Boy, 14, Allegedly Fatally Shoots Own Grandmother in Argument About Going to School
A Pennsylvania teenager is facing murder charges after he allegedly gunned down his own grandmother because he didn’t want to go to school, authorities said.
As Hunter Riley Reeser, 14, bickered with his 60-year-old grandmother, Sandra Orton, about attending an upcoming school meeting, the teen grabbed a gun and shot the woman at their Harborcreek Township home at about 8 a.m. Tuesday, state police said.
After the shooting, Reeser called his grandfather and said he found Orton bleeding in front of the house, police told the Associated Press.
Reeser called 911 and told the same story, but later allegedly confessed to pulling the trigger.
The teen’s grandfather reportedly told police he kept his guns locked up because his grandson "has issues."
The four guns in the home were reportedly stored in a cabinet with two padlocks and while Reeser may have had access to the keys for one of the locks, he did not have access to the only key for the other, Bobbie Orton told police, according to a probable cause affidavit obtained by GoErie.com.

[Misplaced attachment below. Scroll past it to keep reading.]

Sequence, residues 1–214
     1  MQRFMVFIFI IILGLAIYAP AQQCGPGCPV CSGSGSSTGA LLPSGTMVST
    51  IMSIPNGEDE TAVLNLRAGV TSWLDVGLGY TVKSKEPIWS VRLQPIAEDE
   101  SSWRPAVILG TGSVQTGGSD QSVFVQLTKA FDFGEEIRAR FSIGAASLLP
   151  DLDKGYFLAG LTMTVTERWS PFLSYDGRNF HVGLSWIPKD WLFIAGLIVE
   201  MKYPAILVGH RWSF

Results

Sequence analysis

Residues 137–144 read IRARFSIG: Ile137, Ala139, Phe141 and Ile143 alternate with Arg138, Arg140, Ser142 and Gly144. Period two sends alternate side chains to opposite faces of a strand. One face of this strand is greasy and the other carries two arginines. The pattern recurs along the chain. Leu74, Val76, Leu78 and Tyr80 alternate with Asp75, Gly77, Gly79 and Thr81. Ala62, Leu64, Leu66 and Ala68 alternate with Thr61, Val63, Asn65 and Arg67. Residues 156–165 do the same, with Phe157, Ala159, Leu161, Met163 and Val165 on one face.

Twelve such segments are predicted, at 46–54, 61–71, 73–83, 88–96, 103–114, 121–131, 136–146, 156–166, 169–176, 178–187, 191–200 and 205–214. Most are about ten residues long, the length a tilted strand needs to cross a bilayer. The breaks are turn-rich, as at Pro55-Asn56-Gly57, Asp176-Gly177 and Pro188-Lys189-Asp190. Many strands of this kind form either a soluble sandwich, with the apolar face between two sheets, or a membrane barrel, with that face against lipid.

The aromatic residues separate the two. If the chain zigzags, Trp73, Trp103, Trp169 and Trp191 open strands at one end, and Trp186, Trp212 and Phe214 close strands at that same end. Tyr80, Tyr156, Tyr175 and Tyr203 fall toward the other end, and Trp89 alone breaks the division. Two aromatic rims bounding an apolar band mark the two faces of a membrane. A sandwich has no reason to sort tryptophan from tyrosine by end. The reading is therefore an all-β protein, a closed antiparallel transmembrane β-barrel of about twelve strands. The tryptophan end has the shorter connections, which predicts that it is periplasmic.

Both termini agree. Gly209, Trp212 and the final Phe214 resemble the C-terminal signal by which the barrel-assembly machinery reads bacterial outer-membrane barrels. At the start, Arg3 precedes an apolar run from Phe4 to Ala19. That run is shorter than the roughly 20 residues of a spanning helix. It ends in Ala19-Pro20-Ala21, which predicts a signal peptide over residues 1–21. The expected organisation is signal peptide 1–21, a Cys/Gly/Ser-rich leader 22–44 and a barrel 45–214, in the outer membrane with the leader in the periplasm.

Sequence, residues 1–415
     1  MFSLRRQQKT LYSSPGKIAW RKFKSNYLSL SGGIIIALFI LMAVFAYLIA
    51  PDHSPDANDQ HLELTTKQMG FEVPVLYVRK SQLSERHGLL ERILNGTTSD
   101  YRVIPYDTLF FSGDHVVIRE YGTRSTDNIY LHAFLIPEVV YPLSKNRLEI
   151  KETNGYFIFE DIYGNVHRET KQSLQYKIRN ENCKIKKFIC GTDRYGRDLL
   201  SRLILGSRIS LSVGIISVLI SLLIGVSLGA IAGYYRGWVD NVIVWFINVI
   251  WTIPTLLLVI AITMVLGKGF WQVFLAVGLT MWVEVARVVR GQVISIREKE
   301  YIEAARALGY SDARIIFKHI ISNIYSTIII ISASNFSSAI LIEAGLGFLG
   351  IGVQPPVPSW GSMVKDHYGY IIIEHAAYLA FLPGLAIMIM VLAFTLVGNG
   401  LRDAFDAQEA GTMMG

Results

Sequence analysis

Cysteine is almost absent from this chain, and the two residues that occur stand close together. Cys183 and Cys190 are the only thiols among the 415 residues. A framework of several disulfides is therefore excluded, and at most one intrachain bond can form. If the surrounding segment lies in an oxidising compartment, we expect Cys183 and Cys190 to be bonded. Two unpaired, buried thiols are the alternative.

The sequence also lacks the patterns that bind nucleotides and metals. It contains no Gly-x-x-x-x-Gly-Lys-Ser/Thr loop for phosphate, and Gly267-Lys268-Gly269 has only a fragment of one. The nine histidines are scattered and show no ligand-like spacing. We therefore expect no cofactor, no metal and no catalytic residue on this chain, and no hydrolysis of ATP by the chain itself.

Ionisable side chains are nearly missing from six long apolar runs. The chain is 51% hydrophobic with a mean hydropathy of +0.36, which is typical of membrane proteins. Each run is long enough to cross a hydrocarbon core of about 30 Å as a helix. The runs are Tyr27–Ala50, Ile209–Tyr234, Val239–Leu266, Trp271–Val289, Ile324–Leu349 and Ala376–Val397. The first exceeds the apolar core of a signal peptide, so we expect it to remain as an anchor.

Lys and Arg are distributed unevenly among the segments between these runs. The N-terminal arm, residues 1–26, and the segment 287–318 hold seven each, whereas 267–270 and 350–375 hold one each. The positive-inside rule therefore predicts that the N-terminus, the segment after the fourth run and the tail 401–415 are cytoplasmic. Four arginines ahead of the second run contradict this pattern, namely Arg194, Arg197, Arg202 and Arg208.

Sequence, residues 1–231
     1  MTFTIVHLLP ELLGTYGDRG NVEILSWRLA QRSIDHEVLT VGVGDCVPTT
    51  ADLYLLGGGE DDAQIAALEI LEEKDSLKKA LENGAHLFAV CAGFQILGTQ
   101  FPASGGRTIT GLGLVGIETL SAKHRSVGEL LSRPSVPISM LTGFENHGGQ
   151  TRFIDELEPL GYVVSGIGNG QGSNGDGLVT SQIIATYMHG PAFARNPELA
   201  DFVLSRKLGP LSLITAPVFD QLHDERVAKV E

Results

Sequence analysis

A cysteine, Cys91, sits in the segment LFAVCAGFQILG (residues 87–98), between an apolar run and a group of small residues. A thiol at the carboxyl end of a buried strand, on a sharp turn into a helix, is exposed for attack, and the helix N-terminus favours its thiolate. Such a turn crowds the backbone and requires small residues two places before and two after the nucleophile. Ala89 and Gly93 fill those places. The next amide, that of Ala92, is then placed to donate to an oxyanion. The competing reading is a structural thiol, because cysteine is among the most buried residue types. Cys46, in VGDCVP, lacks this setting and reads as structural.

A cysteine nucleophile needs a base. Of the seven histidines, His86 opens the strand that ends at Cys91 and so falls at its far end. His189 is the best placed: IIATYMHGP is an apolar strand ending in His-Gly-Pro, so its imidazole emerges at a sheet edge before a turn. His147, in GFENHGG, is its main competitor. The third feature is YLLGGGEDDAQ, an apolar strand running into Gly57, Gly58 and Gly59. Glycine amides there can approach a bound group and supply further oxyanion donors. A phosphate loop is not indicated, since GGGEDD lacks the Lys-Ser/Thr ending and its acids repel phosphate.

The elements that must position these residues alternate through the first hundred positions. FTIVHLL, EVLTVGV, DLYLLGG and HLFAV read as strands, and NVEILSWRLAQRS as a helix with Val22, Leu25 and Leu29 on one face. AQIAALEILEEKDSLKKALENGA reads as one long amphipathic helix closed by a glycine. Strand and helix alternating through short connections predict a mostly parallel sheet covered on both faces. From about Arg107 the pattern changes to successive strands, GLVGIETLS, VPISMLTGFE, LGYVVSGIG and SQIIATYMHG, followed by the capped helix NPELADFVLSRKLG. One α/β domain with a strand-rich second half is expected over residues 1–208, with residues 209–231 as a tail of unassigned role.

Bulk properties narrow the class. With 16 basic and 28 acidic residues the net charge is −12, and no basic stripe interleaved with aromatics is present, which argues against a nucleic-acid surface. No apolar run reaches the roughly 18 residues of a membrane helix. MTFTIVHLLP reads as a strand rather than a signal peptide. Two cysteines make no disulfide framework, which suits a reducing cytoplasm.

But neighbors reported seeing Reeser carrying a firearm on Monday afternoon, one day before he allegedly used a .22-caliber rifle to kill his grandmother, the affidavit said.
Reeser allegedly took the rifle from his bedroom and fired from the front porch, hitting Orton in the head as she sat behind the wheel of her car in their driveway, GoErie.com reported.
She had reportedly left work early to bring Reeser to a meeting with his counselor.
"The suspect is known to have behavioral and emotional issues," police wrote in the affidavit.
The teen was charged as an adult with criminal homicide, first-degree murder, possession of instruments of crime and aggravated assault, officials at the Erie County Prison said in a recording.
He remains jailed without bond.
Children in Pennsylvania must be charged as adults in murder or homicide cases. Defense attorneys can later try to move the charges to juvenile court, but Erie County prosecutors said they plan to oppose such a move in this case, according to The AP.